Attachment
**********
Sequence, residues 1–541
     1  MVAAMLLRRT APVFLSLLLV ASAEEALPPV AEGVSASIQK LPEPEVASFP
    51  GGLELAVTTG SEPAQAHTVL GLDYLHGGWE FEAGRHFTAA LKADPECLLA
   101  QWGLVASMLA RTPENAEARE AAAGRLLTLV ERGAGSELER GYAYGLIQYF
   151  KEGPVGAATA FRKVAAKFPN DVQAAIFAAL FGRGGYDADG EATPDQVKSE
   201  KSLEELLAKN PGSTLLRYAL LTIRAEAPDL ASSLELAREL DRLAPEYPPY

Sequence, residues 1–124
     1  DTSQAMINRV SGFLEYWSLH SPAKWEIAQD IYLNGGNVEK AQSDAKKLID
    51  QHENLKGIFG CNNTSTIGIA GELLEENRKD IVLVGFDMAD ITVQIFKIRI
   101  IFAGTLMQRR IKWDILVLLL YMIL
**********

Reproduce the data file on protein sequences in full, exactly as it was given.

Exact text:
Sequence, residues 1–541
     1  MVAAMLLRRT APVFLSLLLV ASAEEALPPV AEGVSASIQK LPEPEVASFP
    51  GGLELAVTTG SEPAQAHTVL GLDYLHGGWE FEAGRHFTAA LKADPECLLA
   101  QWGLVASMLA RTPENAEARE AAAGRLLTLV ERGAGSELER GYAYGLIQYF
   151  KEGPVGAATA FRKVAAKFPN DVQAAIFAAL FGRGGYDADG EATPDQVKSE
   201  KSLEELLAKN PGSTLLRYAL LTIRAEAPDL ASSLELAREL DRLAPEYPPY

Sequence, residues 1–124
     1  DTSQAMINRV SGFLEYWSLH SPAKWEIAQD IYLNGGNVEK AQSDAKKLID
    51  QHENLKGIFG CNNTSTIGIA GELLEENRKD IVLVGFDMAD ITVQIFKIRI
   101  IFAGTLMQRR IKWDILVLLL YMIL